The Aluminum Federation (Alfed), which describes itself as ‘the voice of the UK aluminum industry’, had planned a reception in the House of Lords last Tuesday.
The membership body, which counts Kingspan and Arconic among its members, said the £99 event was an opportunity to “raise and discuss issues relating to the UK aluminum sector at most high level of the British government”.
Arconic produced the violently flammable Aluminum Composite Material (ACM) panels which have been identified as the ‘root cause’ of the rapid spread of fire at Grenfell Tower.
A small amount of combustible Kingspan K15 insulation was used on the tower, and the company has come under heavy criticism from lawyers representing bereaved and survivors for promoting its product for use on buildings of great height in the years preceding the fire.
Grenfell United slammed the planned event, saying they would “get no closer to justice” while such a relationship exists.
Alfed did not confirm whether the event went as planned. An industry source said they understood it had been reorganized due to the train strike. It’s unclear if anyone from Arconic or Kingspan was planning to attend.
The event follows a parliamentary reception on June 6 – a week before the fifth anniversary of the fire – organized by the National Insulation Association (NIA), which also counts Kingspan among its members.
A press release sent out by the NIA on the anniversary day (June 14) said the event was an opportunity to “celebrate the hard work the industry has done so far and look forward to the priorities and opportunities”.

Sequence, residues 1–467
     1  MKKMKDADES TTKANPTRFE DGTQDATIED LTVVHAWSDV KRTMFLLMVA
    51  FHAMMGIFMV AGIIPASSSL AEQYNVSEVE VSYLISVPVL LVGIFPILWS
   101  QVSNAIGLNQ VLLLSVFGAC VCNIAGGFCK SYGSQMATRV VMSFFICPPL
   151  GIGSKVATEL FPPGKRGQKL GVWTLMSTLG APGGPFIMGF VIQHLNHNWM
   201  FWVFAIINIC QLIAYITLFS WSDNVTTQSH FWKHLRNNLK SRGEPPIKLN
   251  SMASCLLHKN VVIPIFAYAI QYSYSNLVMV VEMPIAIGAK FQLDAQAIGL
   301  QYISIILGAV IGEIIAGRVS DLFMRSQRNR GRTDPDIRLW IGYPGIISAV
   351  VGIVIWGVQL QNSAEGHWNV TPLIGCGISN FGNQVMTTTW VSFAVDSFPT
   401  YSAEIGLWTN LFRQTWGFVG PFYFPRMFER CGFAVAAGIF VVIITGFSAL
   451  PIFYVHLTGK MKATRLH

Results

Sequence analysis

An NIA spokesperson said the release was “completely unintentional and inadvertent”, but added that it “was insensitive and may have caused injury”.
Grenfell United said: “It is no surprise that the government has held private events with groups representing companies like Arconic and Kingspan around the fifth anniversary of the Grenfell fire.
“While we were in mourning, remembering our loved ones, they took the opportunity to antagonize us and dance on the grave of our loved ones.
“As long as these relations exist, we will not be closer to justice. The worst part is that they will succeed. Because our legal system allows it. It is a system that protects the powerful.
“We will continue to fight to make life difficult for them, to remind them that they are responsible for the deaths of 72 loved ones.”
Inside the housing saw a letter from March last year in which Grenfell United asked Alfed to revoke the membership of Kingspan and Arconic, due to revelations during the investigation into their behavior.
Alfed refused, saying he wanted to wait for the outcome of the investigation before making a decision.
Evidence presented at the inquest included the revelation that Arconic had tests showing the devastating fire performance of its panel when bent into a certain shape as early as 2004, but continued to advertise it as achieving a fire rating much higher.
Kingspan has been shown to rely on a single test pass in 2005, carried out on a legacy version of its product, to advertise its insulation suitable for use on high-rise buildings typically for nine years.
It hasn’t released any other failed tests, including one in 2007 that was described as “hell raging” in an internal document.